Daniel American Horse, all 6 feet 6 inches of him, has just returned from the liquor store down the street, clutching a fifth of cheap red wine. He saunters over to our booth in the darkness of Tom & Jerry’s Lounge, sits down beside his companion, Newton Prentiss, and swigs ferociously from the bottle.
In a quiet voice, he explains he was on his way to California when the alternator on a friend’s car went out, and now he must stay in Dallas until he makes enough money to get it repaired. He passes the bottle to Newton, an Oklahoman who must weigh close to 300 pounds. Newton’s long black hair is braided with red felt ribbon, and atop his head is a black, round-top hat — like Hopalong Cassidy’s except black — with a red bandana hatband. Carrying a backpack that holds all his belongings, he hitchhiked to Dallas to look for work. As long as they’re in Dallas, the two men will spend most of their evenings and some of their days at Tom & Jerry’s near the intersection of Peak and Bryan in East Dallas.
Newton Prentiss is a 31-year-old Kiowa Indian; Daniel American Horse is a Sioux from Montana; The Corner — Peak and Bryan, that is — is all they have to call home these days.
It is home to thousands of other Indians too, their own little Cement Prairie, as many of them call it. Here amongst the squalid bars and rooming houses of deep East Dallas, some 2,000 American Indians a year get their first taste of life in the big city.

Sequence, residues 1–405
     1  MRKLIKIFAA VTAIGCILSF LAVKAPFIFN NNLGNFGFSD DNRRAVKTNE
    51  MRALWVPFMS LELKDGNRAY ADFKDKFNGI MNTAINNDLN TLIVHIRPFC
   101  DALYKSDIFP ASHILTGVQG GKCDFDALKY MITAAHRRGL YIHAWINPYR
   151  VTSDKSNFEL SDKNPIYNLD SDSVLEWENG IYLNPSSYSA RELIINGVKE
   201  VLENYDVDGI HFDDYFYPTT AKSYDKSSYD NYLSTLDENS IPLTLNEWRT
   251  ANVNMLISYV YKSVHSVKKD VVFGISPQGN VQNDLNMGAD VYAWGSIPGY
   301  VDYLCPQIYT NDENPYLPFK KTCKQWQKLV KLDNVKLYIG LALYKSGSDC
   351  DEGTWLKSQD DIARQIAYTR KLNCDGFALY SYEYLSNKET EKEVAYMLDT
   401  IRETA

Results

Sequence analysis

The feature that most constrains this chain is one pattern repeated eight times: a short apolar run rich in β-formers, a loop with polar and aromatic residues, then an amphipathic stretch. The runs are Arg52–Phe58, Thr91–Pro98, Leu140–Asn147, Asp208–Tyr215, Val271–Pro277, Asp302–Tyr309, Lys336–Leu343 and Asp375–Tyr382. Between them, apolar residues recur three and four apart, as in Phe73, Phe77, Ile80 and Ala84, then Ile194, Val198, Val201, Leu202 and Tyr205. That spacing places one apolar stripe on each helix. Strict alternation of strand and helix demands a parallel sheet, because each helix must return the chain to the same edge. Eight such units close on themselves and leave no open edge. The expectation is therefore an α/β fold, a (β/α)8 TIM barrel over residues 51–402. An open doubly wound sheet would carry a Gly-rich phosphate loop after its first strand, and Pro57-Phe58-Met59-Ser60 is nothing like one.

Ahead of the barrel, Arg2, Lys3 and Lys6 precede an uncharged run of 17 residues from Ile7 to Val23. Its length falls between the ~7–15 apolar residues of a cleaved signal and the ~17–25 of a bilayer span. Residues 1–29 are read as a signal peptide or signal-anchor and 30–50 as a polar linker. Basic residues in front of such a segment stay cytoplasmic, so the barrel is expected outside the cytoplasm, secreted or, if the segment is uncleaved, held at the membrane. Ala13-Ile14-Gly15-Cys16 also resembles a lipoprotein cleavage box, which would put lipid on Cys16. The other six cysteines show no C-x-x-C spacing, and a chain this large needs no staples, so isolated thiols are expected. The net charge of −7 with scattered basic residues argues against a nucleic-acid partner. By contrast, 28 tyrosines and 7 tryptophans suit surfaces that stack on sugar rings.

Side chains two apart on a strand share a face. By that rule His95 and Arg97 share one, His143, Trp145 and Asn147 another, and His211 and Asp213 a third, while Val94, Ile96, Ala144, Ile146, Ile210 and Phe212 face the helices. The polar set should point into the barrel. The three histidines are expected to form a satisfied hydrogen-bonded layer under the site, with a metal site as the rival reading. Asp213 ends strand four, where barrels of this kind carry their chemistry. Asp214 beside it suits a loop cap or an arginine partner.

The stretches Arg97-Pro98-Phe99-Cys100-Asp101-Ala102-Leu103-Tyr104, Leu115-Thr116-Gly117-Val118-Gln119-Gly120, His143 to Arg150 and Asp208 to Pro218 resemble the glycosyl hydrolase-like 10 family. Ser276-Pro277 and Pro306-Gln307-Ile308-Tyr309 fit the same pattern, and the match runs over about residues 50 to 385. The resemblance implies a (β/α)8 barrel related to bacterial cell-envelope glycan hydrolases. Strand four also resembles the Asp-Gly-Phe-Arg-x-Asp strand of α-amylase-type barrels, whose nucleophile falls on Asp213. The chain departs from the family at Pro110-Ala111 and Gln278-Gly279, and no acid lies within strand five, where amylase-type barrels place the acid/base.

The Corner is at first glance a cluster of depressing, ramshackle bars on Bryan. But for the Indian coming into Dallas to live or perhaps to work for a few months, The Corner is more than just an alcohol oasis. Most likely he has heard about The Corner before leaving home. He knows it is where he can find other Indians, brothers and sisters who have learned to survive in the strange, cold city. The Corner becomes his starting point, and the Indians who congregate there become his guides, as he begins his foray into the heart of the white man’s world.
Wayne Hunter, a tall, poker-faced Cheyenne from North Dakota, sits down at our booth.
“Indians all over the country know about The Corner,” he says. “Like I came to Dallas about this time last year from San Diego. I never had been here in my life, didn’t know nobody. See, us Indians like to stick together. So when I got off at the bus station, I asked a man where I could find some Indians. He said go to Peak and Bryan. So I got on a city bus and told the driver to tell me where to get off. He let me off down there at the Rainbow [another Indian bar], and just when I turned the corner I ran into three guys I grew up with in North Dakota. Hadn’t seen ’em in 10 years at least.”